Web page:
Got it, but still how do I make better decisions? There are about 357,107 amazon search results for the term ‘decision making’ leaving the finer details of this to an expert. However I’ve been through this process recently and I found the tool we used to be very attractive (when time permits), which was a matrix. We were stratifying the market opportunities for a medical device and had about eight medical problems the device could realistically attempt to solve. The matrix consisted of the potential applications across the top and the methods of evaluating the application in the left column, such as cost of clinical trial, overcoming competitors, market size, fit with company IP, etc… We could score and weight certain criteria by application and determine an overall ‘fit’ for the device in each market opportunity. There are web resources available to follow this method and the graphical representation of the outcomes (e.g. a bubble chart) are often easy to interpret and make a stunning slide for a venture capital pitch.
In short, this step consists of deciding the options are, framing them in the context of your hierarchy, and applying the potential risk/benefits. Be sure to check emotional and gut reactions, such as overemphasizing an option connected to a positive experience regardless of its impact on the project. One of my favorite quotes from Einstein encompasses this, “a man should look for what is, and not for what he thinks should be.”
Aside from emotions, decision fatigue can also be a negative contributor to the process.
Step 3: quantify or record the outcome
Next we record our results. There seems to be a theme of scientific method in the last couple blog posts being that it applies to decision making as well. Here we are using ourselves as the subject and choosing our own “treatment group.” I think we’ve heard this time and again that sticking to the decision is critical here. They say that will-power is strengthened, like a muscle, rather than inherent.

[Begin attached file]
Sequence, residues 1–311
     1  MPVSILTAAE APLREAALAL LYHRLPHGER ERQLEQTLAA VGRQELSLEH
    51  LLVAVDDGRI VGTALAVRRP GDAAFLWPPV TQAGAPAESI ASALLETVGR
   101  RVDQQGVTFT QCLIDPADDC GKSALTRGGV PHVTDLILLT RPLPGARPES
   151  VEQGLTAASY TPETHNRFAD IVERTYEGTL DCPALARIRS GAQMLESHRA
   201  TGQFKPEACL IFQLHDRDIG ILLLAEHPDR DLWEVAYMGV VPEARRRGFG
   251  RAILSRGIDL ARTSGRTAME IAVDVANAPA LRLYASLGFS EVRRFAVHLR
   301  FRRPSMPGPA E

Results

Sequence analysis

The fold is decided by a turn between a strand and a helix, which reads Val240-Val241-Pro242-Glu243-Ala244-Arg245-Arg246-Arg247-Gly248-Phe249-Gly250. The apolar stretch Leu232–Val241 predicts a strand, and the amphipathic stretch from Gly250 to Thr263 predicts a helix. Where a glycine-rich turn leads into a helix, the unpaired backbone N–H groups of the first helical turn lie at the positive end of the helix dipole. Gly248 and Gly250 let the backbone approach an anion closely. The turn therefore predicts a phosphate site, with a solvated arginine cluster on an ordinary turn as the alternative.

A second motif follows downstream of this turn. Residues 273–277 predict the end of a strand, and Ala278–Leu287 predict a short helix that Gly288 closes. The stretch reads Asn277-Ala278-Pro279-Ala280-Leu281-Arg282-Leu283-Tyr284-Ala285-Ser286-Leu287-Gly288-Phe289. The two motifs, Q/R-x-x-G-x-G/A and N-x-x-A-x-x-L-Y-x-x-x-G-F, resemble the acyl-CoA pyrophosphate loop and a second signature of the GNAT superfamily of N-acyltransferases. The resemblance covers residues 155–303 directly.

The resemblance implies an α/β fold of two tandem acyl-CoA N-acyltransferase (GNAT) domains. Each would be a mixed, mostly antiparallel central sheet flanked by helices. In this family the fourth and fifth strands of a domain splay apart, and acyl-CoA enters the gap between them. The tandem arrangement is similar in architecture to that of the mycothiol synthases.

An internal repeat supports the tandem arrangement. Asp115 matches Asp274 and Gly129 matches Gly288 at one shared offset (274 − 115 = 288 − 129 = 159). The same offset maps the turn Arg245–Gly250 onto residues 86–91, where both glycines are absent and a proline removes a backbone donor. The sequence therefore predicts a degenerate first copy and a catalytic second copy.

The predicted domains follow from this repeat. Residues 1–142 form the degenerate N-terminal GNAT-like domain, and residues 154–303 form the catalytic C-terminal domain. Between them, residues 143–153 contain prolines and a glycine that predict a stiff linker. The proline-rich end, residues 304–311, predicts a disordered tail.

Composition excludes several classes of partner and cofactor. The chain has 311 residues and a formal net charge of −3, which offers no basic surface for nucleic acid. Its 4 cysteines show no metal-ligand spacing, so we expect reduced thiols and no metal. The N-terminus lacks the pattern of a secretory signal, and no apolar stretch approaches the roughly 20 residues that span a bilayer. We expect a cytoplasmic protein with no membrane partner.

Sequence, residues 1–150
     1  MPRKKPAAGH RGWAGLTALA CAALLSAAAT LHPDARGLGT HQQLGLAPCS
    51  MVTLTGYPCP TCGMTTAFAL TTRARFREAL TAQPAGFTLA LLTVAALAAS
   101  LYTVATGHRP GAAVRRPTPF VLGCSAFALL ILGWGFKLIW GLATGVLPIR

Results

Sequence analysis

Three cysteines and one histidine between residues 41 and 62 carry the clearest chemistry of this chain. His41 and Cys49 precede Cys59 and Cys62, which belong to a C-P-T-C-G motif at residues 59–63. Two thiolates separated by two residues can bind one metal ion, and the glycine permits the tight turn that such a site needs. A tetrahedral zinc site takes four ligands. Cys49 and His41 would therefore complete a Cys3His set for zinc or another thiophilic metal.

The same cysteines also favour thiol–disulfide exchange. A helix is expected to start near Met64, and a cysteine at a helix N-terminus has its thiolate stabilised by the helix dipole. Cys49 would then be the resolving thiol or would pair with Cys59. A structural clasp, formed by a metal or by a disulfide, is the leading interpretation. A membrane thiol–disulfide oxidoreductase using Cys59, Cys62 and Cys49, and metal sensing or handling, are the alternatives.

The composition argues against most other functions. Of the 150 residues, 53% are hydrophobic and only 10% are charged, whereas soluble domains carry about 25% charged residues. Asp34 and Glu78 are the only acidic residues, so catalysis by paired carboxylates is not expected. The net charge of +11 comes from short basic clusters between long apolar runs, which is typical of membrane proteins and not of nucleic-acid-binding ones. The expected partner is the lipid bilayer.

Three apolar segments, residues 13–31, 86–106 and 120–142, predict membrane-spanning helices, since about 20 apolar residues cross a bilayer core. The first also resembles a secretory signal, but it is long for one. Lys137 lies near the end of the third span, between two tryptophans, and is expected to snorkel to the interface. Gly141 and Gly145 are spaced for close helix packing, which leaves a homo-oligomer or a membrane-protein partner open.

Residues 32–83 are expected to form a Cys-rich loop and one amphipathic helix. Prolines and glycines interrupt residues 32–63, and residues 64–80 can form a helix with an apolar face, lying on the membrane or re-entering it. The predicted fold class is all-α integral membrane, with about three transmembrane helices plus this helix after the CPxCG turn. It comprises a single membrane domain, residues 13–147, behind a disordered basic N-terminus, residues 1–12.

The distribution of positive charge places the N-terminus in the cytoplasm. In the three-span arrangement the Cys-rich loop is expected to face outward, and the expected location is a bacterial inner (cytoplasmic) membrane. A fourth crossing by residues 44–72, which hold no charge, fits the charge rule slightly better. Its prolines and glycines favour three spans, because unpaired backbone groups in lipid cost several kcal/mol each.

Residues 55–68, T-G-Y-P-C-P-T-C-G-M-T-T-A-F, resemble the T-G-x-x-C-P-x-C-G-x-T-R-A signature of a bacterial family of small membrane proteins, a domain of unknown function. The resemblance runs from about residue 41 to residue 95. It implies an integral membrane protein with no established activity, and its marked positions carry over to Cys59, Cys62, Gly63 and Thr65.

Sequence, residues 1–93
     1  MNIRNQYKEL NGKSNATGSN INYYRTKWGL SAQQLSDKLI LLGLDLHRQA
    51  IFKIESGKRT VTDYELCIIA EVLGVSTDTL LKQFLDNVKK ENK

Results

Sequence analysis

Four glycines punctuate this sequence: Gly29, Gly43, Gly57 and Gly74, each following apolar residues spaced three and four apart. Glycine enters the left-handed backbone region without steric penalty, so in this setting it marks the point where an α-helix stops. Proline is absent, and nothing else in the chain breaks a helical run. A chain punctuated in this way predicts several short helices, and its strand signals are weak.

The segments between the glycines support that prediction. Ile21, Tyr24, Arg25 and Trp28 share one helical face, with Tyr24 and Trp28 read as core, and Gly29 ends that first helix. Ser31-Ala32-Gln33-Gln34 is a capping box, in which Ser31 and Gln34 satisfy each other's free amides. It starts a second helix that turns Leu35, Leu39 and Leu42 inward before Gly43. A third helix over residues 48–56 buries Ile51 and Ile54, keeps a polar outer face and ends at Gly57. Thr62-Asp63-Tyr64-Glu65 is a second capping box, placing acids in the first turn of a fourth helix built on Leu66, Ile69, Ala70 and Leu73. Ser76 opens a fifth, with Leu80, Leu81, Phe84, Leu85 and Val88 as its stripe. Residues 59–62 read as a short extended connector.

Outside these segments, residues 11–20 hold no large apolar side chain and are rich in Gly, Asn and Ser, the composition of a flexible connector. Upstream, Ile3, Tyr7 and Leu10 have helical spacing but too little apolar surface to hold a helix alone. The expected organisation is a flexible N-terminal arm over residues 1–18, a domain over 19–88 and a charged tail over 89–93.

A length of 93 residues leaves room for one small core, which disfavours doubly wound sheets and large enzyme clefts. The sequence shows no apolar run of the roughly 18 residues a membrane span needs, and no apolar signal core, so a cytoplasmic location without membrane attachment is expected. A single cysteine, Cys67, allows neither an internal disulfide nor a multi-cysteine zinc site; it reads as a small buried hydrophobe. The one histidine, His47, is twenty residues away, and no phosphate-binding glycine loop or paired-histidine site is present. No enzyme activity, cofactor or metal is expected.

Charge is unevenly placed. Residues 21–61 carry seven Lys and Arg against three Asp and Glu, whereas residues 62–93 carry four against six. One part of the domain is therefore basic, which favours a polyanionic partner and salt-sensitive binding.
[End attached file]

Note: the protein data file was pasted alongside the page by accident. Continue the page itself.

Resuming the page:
Quantifying a decision’s outcome objectively may not be possible, but attempting to do so could be a great benefit and exercise. However, simply recording the experience in some way may suffice such as a picture or a blurb in a journal.
Step 4: when faced with future decisions, utilize past knowledge
When faced with the same or similar decision later, we are expected to get a more favorable outcome when past experience is considered. Since we’ve recorded our single subject experiment there is a previous outcome to review and use to guide future decisions. This is where objective, rather than subjective measurements are useful.
Step 5: fail as quickly and often as possible.
I can’t understate the importance of this. I first heard this in grad school in a number of ways from a number of people, and accepting this advice was difficult, but one of the best things that helped me in becoming a better researcher. As far as start-up companies go I’ll point you to some of the many results on why and how to fail fast…
500 Start-ups: http://500.co/2011/02/23/fail-fast-often-by-design/
Washington Post: http://www.washingtonpost.com/blogs/innovations/post/the-new-fail-fail-fast-fail-early-and-fail-often/2012/05/30/gJQAKA891U_blog.html